Season 1, Episode 3

Paronella Park

Host Benjamin Starr continues driving his own adventure and today is visiting Paronella Park, located hour and a half South of Cairns.

Created by Jose Paronella, who also built his own hydroelectric system to supply power to the park – Benjamin chats with Mark Evans, who purchased the park in 1993, don’t miss this fascinating story – of a man with a dream!

Hosts & Guests

Benjamin Starr

Mark Evans

Read the transcript

Ben:

Well we’re still driving our own adventure and Paul’s been driving along the road with me and I was saying coming out today; it’s amazing all these little towns and little little buildings that sit on the side of roads what do people do here to survive? So we end up at this place called Paronella Park and I have to tell you, Paul you might want to get on the mic there because we’ve got Mark Evans here who is the custodian of this wonderful wonderful place, How on earth did you get it down that little track over there? Because we have to get some photos of this and put it up on the website I imagine.

 

Paul:

I’ve driven these vehicles around quite a bit, but that was probably one of us precarious entries I’ve ever made into a park. I’ll tell ya what, it is so worth it looking at that.

 

Ben:

Mark, you’ve got an amazing story to tell me, but this place dates way back to a man who had a vision I mean looking around you might think he was a little crazy?

 

Mark:

Look, many people were coming out to north Queensland back in the nineteen-teens and early nineteen hundreds and José  was an adventurer in many ways but it was tough times back in the Catalan area of Spain, and he like many of his fellow country people decided North Queensland or another part of the world. In his case it was north Queensland. He was incredibly a hard worker, a lot of cane farms here in the early days would be cleared but the stumps would remain in the sand and in the ground. So what he did he actually used detonation and blew the stumps out, so what he created was these first class cane fields.  And he then builds them up and sold them and the word is that fifteen farms were purchased. Cleared, developed as cane farms, and sold by him and that’s where he made his money.

 

Ben:

And yeah so I imagine you know back then, money would be the big thing I mean it’s still is, but to create something like this but how do you describe this to people?  

 

Mark:

I describe it as someone’s dream. Because he talked about achieving something special and if you think about it, and you tell someone you’re going to create fountains, tunnels, bridges, tennis courts, you’re going to put Queensland’s first hydroelectric power to make your electricity. You’re really talking a language that in most people they would say you’re crazy. He had twenty thousand pounds by the time he started this park.

 

Ben:

Good grief.

 

Mark:

Twenty thousand pounds that’s like a million, couple million dollars and he’s gonna waste it on this? Now it even comes back, and we’ll get back to this later, but it comes back to today. It’s so out there, that our visitors on arrival I can actually say to them have you been or ask them “how have you got here?” they say, “oh we were told to come here” and I’ll ask them “do you know what you are visiting?” and they’ll say “not really”.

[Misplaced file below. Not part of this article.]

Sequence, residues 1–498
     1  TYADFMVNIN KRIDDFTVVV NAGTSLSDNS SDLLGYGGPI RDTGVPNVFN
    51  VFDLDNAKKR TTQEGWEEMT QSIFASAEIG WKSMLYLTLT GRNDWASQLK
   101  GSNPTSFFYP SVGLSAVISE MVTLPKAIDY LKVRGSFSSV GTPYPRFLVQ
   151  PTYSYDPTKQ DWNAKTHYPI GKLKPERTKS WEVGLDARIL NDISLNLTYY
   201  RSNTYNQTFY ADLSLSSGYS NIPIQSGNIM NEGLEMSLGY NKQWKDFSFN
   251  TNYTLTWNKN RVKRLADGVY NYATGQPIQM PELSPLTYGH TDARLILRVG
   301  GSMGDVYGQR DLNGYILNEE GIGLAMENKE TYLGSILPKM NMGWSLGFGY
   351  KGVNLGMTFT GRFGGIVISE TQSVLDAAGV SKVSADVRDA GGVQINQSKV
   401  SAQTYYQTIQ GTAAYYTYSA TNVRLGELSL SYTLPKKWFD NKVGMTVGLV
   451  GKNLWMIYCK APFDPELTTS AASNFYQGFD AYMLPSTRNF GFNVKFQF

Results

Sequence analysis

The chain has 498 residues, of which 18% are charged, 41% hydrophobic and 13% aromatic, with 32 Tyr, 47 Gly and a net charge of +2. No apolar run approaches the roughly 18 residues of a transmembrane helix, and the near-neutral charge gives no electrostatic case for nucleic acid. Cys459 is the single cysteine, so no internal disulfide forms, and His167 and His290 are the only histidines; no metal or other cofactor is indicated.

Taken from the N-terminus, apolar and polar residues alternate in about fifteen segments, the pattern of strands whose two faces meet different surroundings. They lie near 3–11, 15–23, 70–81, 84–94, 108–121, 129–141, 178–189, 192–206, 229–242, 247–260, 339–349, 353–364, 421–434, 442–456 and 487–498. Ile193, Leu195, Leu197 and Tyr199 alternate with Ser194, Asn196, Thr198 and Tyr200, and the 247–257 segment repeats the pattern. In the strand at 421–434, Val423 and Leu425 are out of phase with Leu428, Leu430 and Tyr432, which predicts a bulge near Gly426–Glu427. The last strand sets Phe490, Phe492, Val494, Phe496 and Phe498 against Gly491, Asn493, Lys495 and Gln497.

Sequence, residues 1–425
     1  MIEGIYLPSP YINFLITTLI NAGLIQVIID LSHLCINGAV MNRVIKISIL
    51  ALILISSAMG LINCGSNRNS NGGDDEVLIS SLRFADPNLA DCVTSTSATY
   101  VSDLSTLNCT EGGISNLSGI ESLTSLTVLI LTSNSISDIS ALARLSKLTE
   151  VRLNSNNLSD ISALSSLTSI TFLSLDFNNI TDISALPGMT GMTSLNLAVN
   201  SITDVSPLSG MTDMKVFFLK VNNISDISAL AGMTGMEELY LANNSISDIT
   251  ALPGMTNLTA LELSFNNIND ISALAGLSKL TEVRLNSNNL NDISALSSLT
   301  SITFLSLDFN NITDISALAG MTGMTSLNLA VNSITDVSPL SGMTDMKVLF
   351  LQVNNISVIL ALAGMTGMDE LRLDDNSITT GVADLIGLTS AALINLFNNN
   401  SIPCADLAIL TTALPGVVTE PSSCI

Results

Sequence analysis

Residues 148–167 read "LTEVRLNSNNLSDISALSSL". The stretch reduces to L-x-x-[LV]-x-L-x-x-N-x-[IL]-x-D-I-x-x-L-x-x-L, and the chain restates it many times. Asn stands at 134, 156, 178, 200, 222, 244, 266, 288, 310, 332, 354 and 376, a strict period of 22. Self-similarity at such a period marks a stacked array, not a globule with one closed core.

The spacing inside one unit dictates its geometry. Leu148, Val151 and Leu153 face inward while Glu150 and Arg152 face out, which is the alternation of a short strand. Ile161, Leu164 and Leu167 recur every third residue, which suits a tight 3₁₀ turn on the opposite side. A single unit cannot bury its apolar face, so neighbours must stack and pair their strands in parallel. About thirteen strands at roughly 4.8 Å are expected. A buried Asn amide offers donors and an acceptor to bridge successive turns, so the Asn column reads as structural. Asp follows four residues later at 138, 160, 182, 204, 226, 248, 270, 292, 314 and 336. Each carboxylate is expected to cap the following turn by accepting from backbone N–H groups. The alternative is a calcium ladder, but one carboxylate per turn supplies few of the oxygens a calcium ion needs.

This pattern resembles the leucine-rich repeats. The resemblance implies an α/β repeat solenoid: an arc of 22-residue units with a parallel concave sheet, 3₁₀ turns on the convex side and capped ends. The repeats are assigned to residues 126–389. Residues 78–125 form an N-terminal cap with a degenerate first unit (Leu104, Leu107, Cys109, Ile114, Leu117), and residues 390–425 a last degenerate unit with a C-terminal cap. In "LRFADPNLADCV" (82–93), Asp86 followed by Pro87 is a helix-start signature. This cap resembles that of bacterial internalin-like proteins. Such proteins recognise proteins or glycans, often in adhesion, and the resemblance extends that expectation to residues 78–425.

Ben:

And that’s exactly what it is you don’t know what it is that you’re visiting

 

Mark:

No, you came here today first time you’d heard many times about Paronella.

 

Ben:

I’d seen it as a little boy on TV, I’ve watched it on Burkes Backyard growing up, I’ve always wanted to be but I never knew sort of how to get here.

 

Mark:

How to get here, what was the big thrill of it, and what and I can tell you that we met a lady really early on, and Jose he and his wife Margarita had a child and then another. But that lady came back here is a seventy-year-old and, I can tell you that that seventy-year-old Teresa was a young girl watching her dad build this park and she was able to tell us how people thought he was crazy. She was able to tell us how he built the hydroelectric system.

 

Ben:

Isn’t that fascinating?

 

Mark:

We’re on a back road here, the old highway, and really it had been let go then it got going again but unfortunately there was no money to be made here so it was not sustainable and that was the thing. So the Paronella’s rented after Jose’s death, then they sold it in the seventies and to be quite honest that just fell into disarray, disarray and it had one fire in the building and so on. So, what we discovered was this place, that was run down but most of all it was overgrown. But where Judy and I walk through here, we walked through, and that was our first vision of it I said to Judy “I think I’ve seen this before” and that’s when I didn’t realise at the time. But we subsequently bought the park after the bank managers said we were crazy, and when we bought it we then met the Paronella’s including first of all Joe Paronella,  the grandson the Mayor of the Tablelands Council and he came here and I think it was when I saw him in his face I saw his dad. Now I saw his dad on TV and that’s what I said I said to Joe, “Joe  was this park on TV a long time ago?” and he said “yes 1964” and I said “that’s amazing”.